Harold Lovell spent a week in an isolated room at a Calgary hospital emergency department waiting for a bed to receive mental health treatment.
He didn’t get it.
The 22-year-old man with autism had turned himself in to authorities when he was experiencing violent thoughts. After his week-long stint in isolation — a secure space health officials use for patients who pose a danger to themselves or others — Lovell spent another day at the Foothills emergency room, this time in general population.
Then his mother had him discharged.
After eight days in the ER, he left without ever being admitted to hospital. He was simply given a referral to see a psychiatrist, according to his mom, Brenda Valerio.
“I did finally talk to a psych nurse who made it very clear to me that ‘this is the way it is,'” said Valerio, who has the authority to make medical and financial decisions on her son’s behalf.
“There are are no [free] beds. We don’t have enough people. We’re overworked … and there may not be a bed for a week or two,” the nurse said, according to Valerio.
Not unusual for all mental health beds to be full: AHS
Alberta Health Services said it can’t comment on individual cases due to privacy laws, but said generally patients deemed to be a danger to themselves or others are given “appropriate care” in a secure treatment space in emergency rooms.
In a statement, the health authority said it’s not uncommon for all mental health beds to be full — there are about 200 acute care beds for adults in the Calgary area — and it’s looking for ways to “better manage the increasing demand.”
When he was four, Lovell was diagnosed with pervasive developmental disorder — not otherwise specified, which means he’s on the autism spectrum but doesn’t fit the criteria of another diagnosis.
‘May as well be zero mental health support in Calgary’
Lovell said he was having violent thoughts earlier this month and it worried him so he turned himself into police, but he never acted on those thoughts.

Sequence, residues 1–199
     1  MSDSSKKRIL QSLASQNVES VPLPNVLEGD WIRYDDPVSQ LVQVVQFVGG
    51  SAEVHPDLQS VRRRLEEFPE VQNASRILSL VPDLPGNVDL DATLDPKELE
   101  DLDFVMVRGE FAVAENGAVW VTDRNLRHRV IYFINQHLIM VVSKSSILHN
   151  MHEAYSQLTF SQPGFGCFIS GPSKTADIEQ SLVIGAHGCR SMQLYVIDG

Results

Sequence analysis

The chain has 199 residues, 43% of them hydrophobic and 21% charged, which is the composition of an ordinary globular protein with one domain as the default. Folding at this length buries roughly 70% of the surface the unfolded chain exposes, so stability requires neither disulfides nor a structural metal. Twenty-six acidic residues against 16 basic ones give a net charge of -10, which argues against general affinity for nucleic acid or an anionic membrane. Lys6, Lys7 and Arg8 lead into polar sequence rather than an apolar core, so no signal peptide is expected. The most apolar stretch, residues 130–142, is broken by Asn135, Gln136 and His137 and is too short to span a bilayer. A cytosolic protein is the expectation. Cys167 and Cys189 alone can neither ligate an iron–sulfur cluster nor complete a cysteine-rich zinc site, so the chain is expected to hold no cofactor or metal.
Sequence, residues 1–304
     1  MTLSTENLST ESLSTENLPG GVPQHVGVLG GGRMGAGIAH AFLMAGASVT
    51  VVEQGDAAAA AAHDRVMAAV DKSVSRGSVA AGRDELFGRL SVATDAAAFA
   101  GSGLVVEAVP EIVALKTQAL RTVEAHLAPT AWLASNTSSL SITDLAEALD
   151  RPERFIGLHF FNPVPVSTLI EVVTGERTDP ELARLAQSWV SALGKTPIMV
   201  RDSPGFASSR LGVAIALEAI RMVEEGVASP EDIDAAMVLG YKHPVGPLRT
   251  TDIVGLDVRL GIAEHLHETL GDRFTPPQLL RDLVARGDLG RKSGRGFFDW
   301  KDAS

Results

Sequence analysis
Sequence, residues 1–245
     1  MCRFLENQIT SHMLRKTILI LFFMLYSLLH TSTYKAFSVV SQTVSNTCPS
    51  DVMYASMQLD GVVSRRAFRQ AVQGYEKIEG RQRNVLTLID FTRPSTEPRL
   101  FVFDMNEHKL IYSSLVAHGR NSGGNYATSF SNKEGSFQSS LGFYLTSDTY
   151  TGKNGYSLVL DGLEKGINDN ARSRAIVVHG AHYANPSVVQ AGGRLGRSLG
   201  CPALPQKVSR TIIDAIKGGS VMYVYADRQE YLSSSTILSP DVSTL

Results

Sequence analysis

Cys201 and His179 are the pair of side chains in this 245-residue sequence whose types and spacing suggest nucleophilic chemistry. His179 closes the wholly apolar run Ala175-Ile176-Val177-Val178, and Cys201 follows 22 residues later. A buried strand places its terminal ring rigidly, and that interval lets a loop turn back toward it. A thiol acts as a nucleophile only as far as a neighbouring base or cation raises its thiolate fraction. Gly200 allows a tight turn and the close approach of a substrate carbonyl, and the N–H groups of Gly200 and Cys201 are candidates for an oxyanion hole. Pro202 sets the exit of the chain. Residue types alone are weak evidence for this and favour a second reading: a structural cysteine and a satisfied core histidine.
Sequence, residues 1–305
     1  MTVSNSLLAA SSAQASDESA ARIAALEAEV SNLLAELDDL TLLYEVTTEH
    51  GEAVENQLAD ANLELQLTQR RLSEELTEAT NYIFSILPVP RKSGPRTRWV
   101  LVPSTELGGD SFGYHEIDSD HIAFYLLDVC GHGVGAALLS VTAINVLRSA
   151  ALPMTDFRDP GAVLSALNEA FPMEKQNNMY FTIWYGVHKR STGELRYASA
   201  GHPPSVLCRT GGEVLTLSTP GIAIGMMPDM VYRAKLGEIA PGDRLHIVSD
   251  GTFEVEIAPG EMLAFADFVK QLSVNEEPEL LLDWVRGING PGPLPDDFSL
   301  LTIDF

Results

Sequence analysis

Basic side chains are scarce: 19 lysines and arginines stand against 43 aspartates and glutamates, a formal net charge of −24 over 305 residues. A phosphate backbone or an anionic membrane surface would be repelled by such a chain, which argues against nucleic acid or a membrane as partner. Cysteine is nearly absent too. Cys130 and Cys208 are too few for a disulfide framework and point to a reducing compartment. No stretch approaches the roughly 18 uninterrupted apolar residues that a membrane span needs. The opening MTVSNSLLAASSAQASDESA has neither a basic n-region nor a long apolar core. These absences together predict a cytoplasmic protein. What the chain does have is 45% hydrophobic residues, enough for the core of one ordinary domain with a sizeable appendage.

His mother said an officer later took him to Foothills hospital where he was detained under provisions of the Mental Health Act.
Lovell said the isolated room he stayed in for a week was locked from the outside. Still, he was allowed visitors and saw his grandmother daily. While he had enough food and water, he had to ask for permission to use the washroom. He said a doctor stopped by once or twice a day to see how he was doing.
At one point, he said he was given a DVD player to watch a movie, but he said that was a rare privilege.
“There may as well be zero mental health support in Calgary,” he said.
‘Increasing demand for acute mental health care’
In its statement, AHS said its health care providers ensure every patient receives the care they need. Patients in emergency departments are assessed daily and “provided with appropriate medication and treatment while waiting for an in-patient bed.”
“AHS Addiction and Mental Health is looking at all possible ways to better manage the increasing demand for acute mental health care in city,” the health authority said.
“These include ensuring alternatives to hospitalization including outpatient and community programs are fully explored before deciding to admit patients and reassessing patients daily to ensure admission is still necessary.”
Valerio said she regularly followed up with doctors and nurses about her son, and grew increasingly frustrated there were no beds available.
Son ‘tied down’ after becoming angry
On his seventh day in hospital, she says a doctor told her they planned to discharge her son, which she disputed, arguing her son needed to be admitted.
What she didn’t know at the time was the staff had already told Lovell he was about to be discharged. Then, after doctors agreed with Valerio to keep him, her son became angry.
Valerio said her son was restrained on a bed and sedated for about eight hours. She saw him that day.
“He’s tied down — his arms, his legs, his shoulders — he can’t move,” she said.
“And he said, ‘mom, I don’t know why they didn’t discharge me. They told me I was going to go home and then they didn’t let me go and no one’s told me why.
“And I said, ‘I’m sorry, honey, I didn’t know they told you that. You weren’t ready to go; you haven’t had any treatment.’ And he said, ‘there is no treatment,’ and I said, ‘there is.'”
‘He had already given up’
Valerio said her son hadn’t brushed his teeth for a week, something his elderly grandmother hadn’t realized during her visits. That night when she went home, she resolved to have him discharged the next day if there wasn’t an inpatient bed immediately available for him.
“He had already given up that they could do anything for him,” she said.
Valerio said the hospital stint was a glaring example of her struggles to secure care for her son with autism.
“He’s been involved with every agency you could possibly imagine,” she said.
“People are under the impression that there is a magical place [that could help Lovell and others like him] and there isn’t.”